Monday's book
"If it can be sold, it will be bought, and if it can be bought, it will be sold." With this decree, Septimus Day, the piratical old patriarch of James Lovegrove's novel, took seven million hectares of wasteland and built the world's first gigastore: a shop with seven floors the seven colours of the rainbow, and 777 departments selling everything from toothpicks to tigers. Now, in these latter days, the imperial emporium is in the hands of the seven sons that Septimus directed his wife to produce, one for each day of the week.

Mungo, Chas, Wensley, Thurston, Fred, Sato and Sonny may not always agree on the interpretation of their father's edicts. Still, they rule this grandest of grand bazaars as the old man did, absolutely.

Days tells the story of a day in the store: the first day of shopping for Linda and Gordon Trivett, proud possessors of a new account; the last day of employment for Frank Hubble, disenchanted security guard; the last day of existence for one of the seven brothers. Celebrity shoppers come and go. There is a lightning sale in the Doll department, and another in Ties. The boundary dispute between Books and Computers enters its final phase.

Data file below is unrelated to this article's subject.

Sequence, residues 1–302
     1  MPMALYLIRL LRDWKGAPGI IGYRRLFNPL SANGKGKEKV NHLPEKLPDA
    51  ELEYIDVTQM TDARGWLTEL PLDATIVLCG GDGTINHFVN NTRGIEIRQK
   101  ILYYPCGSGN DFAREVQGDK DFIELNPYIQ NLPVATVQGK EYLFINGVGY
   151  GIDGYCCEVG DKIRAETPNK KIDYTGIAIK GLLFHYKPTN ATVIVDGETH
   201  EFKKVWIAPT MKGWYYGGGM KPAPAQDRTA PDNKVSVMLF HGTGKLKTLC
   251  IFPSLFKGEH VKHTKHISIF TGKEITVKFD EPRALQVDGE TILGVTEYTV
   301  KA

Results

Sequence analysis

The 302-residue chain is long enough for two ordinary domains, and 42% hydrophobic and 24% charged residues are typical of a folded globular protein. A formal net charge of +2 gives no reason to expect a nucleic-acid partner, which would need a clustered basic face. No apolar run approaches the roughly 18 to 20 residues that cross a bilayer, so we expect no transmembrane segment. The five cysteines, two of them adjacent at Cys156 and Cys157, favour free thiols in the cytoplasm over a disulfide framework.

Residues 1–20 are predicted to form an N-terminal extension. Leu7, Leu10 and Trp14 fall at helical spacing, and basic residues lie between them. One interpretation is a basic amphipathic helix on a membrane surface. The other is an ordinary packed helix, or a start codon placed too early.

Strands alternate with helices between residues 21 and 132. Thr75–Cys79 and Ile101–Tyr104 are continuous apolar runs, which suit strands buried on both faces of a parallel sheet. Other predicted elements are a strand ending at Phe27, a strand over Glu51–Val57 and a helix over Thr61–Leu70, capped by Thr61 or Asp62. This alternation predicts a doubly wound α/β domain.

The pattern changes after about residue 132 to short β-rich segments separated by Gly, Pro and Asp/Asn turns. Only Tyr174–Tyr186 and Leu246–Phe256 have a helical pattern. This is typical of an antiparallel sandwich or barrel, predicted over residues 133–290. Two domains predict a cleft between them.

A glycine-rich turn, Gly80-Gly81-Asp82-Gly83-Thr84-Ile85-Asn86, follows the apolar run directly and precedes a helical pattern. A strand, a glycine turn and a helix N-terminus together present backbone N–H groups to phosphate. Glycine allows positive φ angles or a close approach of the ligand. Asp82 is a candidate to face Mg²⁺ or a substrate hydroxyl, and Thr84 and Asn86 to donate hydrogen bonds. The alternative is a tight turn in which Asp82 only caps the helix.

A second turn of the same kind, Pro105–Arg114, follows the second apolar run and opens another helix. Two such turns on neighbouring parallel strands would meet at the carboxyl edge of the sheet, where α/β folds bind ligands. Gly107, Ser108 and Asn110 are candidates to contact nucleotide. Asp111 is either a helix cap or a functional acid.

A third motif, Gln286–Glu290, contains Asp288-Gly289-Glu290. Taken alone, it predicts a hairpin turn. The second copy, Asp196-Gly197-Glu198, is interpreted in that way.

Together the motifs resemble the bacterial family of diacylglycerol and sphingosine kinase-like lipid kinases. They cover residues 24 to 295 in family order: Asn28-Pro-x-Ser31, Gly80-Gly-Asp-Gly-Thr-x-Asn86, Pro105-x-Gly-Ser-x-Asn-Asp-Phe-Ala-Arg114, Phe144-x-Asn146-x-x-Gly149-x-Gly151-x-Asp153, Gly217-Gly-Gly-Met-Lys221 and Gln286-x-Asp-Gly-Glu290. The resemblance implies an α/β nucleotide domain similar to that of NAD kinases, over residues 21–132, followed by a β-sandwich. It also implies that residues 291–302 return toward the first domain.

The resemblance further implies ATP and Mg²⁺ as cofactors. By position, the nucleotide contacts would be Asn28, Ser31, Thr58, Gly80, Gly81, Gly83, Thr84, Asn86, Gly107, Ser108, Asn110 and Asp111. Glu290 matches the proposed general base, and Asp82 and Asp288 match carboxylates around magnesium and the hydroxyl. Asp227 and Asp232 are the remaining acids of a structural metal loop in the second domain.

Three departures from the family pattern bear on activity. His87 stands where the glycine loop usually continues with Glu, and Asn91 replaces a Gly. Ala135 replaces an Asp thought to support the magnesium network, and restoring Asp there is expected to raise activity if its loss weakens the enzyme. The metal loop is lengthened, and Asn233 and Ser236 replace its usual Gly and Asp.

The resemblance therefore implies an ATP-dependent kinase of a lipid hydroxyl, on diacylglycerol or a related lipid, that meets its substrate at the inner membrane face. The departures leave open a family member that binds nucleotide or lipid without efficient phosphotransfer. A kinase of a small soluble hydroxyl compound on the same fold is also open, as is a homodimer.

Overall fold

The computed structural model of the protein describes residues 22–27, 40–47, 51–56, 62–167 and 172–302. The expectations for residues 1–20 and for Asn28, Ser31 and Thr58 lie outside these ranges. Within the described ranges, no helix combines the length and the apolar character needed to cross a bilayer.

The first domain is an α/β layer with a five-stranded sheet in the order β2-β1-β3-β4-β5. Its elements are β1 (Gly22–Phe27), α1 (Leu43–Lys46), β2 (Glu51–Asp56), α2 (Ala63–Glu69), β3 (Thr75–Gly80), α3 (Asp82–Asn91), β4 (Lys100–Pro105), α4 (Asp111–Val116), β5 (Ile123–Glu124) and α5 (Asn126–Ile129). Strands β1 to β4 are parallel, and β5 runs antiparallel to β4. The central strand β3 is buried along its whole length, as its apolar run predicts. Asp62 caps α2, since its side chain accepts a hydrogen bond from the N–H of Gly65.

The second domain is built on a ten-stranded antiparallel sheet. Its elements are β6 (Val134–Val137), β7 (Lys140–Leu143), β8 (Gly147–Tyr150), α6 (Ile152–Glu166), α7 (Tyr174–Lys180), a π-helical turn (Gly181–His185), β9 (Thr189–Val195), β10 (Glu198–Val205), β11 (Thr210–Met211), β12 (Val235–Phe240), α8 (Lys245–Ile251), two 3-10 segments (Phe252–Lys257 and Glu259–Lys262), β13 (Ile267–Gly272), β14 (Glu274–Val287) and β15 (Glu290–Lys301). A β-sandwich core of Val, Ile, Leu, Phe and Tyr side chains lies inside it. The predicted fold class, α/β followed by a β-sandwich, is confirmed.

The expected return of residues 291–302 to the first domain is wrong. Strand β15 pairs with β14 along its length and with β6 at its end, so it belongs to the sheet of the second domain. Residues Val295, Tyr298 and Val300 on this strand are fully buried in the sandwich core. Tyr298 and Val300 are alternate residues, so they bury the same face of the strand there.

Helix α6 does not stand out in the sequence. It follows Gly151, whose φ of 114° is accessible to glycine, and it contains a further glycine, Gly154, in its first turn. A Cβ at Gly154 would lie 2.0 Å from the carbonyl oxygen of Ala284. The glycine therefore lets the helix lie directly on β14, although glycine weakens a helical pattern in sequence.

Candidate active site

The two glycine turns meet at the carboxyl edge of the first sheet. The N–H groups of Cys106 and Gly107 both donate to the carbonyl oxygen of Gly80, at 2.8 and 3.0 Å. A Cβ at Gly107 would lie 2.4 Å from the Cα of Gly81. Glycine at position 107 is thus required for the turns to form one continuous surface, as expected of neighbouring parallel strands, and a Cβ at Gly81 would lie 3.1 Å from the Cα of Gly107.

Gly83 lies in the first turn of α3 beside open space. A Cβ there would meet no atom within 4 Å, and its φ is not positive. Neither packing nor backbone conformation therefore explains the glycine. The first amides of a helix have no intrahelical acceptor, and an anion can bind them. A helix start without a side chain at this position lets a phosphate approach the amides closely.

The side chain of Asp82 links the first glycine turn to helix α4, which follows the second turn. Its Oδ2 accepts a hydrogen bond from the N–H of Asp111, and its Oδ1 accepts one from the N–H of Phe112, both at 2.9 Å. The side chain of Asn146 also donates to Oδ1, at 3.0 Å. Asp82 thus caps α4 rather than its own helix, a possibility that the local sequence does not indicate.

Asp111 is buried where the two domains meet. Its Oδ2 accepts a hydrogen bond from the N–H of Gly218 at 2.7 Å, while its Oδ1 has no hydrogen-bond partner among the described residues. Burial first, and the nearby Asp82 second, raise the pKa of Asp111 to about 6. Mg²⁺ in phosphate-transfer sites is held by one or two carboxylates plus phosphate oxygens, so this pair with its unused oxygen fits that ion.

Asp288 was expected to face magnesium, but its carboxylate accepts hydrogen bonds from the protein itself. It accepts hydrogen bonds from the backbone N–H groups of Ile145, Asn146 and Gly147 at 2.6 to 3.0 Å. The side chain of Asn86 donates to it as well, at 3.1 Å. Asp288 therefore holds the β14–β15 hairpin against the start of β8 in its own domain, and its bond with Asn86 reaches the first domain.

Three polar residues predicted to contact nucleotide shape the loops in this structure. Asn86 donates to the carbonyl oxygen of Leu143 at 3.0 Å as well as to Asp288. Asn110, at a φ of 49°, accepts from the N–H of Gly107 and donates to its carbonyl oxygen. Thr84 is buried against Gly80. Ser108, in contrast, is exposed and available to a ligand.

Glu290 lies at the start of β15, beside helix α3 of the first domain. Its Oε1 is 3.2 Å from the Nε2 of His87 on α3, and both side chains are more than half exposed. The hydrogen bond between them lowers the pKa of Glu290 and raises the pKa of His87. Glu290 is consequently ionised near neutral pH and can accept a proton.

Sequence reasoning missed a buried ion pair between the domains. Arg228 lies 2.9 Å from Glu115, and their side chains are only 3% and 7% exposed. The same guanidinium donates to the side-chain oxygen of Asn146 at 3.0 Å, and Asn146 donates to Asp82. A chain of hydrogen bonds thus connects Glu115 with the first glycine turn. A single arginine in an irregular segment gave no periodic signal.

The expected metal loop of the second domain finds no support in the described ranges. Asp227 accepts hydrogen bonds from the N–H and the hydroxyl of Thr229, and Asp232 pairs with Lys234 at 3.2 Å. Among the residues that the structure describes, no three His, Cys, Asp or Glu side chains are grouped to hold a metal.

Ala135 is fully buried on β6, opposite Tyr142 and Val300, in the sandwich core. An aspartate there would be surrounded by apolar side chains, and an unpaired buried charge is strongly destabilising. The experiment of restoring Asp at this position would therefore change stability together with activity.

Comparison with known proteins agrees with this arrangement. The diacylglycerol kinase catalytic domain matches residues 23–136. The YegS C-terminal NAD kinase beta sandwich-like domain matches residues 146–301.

Outside, the unnamed city rots. Beggars haunt the traffic lights. The parks are full of underage alcoholics. Beneath the opulent windows of Days, where living mannequins act out ecstatic pantomimes of consumption, the homeless and starving congregate. Elsewhere, in the suburbs, social status is measured by the grade of one's account card; the humble Aluminium, the enterprising Silver, the lordly Gold, and so on up into the celestial reaches of Platinum, Osmium and Rhodium.

The daily takings may have fallen behind those of gigastores in other lands, and the seven sons may have already sequestered the whole top floor of the building for luxurious apartments of their own. Nevertheless, Days remains a haven of prosperity and peace. The odd minor explosion and the riots known as "shopping mauls" are easy enough to contain, and shoplifters won't usually be shot unless they run away.

In a cool, measured style, Lovegrove's totalitarian allegory interprets the state of the nation as one of abject submission to a deteriorating cornucopia, a perpetual Christmas rush. Tantalised, according to Days, by the prospect of infinitely receding value at an ever greater discount, we live our lives in a struggle to grab things we don't really want in case some rival shopper gets them first. Grotesque as it is, Lovegrove's vision bears the stamp of a peculiar authority. He is the grandson of one of the founders of Bourne & Hollingsworth; and the great-nephew of the other.

(Phoenix, pounds 6.99)